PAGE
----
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Supreme Court of Vermont.


No. 00-155.

Decided: August 17, 2001

Present:  AMESTOY, C.J., DOOLEY, MORSE and SKOGLUND, JJ., and COHEN, SUPR. J., Specially Assigned. David John Mullett, Montpelier, for Appellant. Harriet Ann King of King & King, Waitsfield, for Appellee.

This appeal arises from a determination made by the Vermont Public Service Board pursuant to an assertion of jurisdiction under 30 V.S.A. chapter 86, Underground Utility Damage Prevention System.   Respondent Sprint appeals the summary judgment granted by the Board in favor of petitioner Green Mountain Power (GMP), relieving GMP of liability for causing damage to one of its fiber optic cables during an excavation.   Because we find that the Legislature did not intend to confer authority on the Board to decide issues of common law negligence arising from excavation activities undertaken pursuant to 30 V.S.A. chapter 86, we reverse.

GMP intended to excavate a site located in White River Junction.   Under 30 V.S.A. § 7004, GMP was required to notify the utility companies and allow them forty-eight hours, weekends and holidays excluded, to mark the presence of underground wiring at the site, if any.1  As required by Public Service Board Rule 3.800, on Thursday, September 5, 1996, GMP notified Dig Safe System, Inc. of the proposed excavation.   By Monday morning, September 9, all parties except Sprint had marked the site as required by 30 V.S.A. § 7006.2  Shortly after 8:00 a.m., the supervisor of the excavation received a phone call that purported to be from a Sprint employee, authorizing GMP to excavate.   Sometime between 8:15 and 8:25 a.m., the excavator for GMP struck and damaged a fiber optic cable owned by Sprint.   When Saturday and Sunday, September 7 and 8 are excluded, less than 48 hours had elapsed between GMP's notice and the damage to the cable.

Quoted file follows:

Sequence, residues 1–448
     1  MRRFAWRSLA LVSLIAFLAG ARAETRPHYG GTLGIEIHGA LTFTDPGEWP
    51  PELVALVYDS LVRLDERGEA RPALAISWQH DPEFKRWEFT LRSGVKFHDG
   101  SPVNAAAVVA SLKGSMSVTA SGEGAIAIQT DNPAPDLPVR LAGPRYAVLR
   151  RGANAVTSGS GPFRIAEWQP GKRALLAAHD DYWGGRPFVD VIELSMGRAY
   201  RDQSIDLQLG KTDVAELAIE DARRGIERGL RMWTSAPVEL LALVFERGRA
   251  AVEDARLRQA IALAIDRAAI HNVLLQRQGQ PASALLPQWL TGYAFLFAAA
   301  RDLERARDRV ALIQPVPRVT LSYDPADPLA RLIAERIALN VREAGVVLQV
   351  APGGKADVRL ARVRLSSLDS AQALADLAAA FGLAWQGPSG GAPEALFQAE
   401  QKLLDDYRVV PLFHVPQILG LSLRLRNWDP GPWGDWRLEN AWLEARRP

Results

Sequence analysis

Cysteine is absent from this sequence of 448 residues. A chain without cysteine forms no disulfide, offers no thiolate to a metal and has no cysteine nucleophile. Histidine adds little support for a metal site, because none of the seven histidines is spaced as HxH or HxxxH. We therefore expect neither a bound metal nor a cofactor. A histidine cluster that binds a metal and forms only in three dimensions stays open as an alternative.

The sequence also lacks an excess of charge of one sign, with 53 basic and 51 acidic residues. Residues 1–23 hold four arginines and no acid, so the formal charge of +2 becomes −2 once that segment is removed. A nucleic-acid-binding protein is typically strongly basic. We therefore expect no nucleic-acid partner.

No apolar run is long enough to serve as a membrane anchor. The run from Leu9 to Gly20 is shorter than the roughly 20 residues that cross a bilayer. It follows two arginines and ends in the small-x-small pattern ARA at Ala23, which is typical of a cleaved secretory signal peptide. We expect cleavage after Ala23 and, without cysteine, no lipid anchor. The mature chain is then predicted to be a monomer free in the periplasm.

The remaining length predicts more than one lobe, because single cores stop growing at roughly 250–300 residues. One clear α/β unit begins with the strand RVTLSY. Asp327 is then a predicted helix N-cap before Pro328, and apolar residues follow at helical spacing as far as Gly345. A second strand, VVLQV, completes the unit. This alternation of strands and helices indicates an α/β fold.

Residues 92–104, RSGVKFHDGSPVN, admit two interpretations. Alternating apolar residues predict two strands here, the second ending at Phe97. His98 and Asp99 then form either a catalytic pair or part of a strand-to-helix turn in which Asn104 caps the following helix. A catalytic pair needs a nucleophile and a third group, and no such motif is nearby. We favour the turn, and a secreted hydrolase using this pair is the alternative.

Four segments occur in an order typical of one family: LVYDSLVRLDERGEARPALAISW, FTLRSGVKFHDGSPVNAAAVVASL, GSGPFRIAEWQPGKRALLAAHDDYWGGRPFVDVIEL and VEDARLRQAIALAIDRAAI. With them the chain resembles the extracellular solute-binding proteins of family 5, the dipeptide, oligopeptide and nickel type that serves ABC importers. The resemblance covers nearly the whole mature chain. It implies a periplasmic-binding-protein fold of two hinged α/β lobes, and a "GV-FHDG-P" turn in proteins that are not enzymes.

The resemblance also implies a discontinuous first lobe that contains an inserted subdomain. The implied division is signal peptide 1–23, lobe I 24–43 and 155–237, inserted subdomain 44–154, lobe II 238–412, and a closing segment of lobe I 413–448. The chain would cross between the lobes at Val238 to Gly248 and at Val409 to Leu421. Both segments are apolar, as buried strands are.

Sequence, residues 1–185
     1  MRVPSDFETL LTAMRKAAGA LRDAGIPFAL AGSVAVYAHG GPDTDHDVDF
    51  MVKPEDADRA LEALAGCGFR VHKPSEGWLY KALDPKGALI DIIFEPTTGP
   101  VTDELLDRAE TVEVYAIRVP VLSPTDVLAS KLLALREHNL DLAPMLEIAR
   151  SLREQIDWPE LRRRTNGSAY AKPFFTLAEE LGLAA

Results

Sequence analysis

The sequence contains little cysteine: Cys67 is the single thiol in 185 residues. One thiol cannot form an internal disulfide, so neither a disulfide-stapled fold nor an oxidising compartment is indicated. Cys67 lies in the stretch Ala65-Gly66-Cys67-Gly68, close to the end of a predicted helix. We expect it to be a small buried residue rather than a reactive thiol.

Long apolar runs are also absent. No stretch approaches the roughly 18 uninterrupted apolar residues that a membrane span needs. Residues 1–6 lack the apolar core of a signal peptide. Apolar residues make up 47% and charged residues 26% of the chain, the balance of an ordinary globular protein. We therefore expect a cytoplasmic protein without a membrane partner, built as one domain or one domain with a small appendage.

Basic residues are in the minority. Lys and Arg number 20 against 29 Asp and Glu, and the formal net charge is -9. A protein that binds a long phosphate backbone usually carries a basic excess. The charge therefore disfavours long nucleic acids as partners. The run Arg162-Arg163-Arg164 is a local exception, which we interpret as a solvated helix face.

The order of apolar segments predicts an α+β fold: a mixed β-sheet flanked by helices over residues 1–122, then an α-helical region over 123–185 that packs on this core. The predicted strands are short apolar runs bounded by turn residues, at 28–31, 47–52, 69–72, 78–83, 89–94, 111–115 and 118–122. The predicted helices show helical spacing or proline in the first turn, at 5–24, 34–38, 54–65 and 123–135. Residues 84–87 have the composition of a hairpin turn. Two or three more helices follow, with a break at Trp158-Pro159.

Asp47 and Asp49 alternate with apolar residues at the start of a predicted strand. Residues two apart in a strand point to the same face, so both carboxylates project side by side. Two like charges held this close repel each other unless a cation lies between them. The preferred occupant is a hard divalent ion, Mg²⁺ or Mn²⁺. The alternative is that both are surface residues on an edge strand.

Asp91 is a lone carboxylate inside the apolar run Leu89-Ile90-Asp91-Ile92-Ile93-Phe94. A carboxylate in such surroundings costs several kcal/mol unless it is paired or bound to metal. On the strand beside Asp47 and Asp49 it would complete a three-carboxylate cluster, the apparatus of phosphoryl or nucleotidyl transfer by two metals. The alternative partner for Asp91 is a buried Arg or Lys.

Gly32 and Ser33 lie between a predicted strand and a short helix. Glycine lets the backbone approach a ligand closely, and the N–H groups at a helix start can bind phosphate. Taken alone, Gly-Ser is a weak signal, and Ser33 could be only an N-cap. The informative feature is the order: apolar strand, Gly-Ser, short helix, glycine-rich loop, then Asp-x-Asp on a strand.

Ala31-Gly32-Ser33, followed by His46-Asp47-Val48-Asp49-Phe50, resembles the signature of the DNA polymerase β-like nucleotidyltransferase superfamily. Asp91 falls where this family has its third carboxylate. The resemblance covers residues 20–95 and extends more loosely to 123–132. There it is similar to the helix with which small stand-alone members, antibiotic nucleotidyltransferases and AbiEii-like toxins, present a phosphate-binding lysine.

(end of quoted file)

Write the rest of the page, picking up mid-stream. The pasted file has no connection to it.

GMP filed a petition with the Board requesting a declaratory ruling that it was not liable under 30 V.S.A. chapter 86 for damage to Sprint's fiber optic cable caused by the excavation.   GMP also requested that the Board declare that Sprint was subject to the civil penalty provided in 30 V.S.A. § 7008(b)-(c) for its failure to mark its underground facilities as required by 30 V.S.A. § 7006.3

Sprint and GMP filed cross-motions for summary judgment.   The Public Service Board issued its final order on February 23, 2000.   The Board denied GMP's motion that it impose a penalty on Sprint finding that there was not an actual failure to fulfill its statutory requirements.   The Board reasoned that since the 48 hours had not yet run, Sprint did not violate § 7008(c), regardless of whether they would have been able to mark the site within that period.   The Board also held that GMP had violated 30 V.S.A. § 7004 by initiating the excavation before the 48-hour waiting period required by the statute, and therefore imposed a civil penalty of $1,000 on GMP, as provided for in 30 V.S.A. § 7008(a).

The Board also found that § 7008(a) did not create an independent basis of liability for damages, nor establish a per se rule of strict liability, and held that, under common law negligence, GMP was not liable for the damages.   The Board found that GMP had successfully shown that the accident would have occurred even if the excavator had waited until the 48-hour period had run out, and that therefore GMP's failure to wait was not the proximate cause of Sprint's injury.   The Board concluded that even if GMP's failure was a proximate cause, Sprint's failure was at least as great as GMP's, which would preclude recovery by Sprint under Vermont's comparative negligence law.   Sprint appeals the Board's decisions regarding GMP's liability.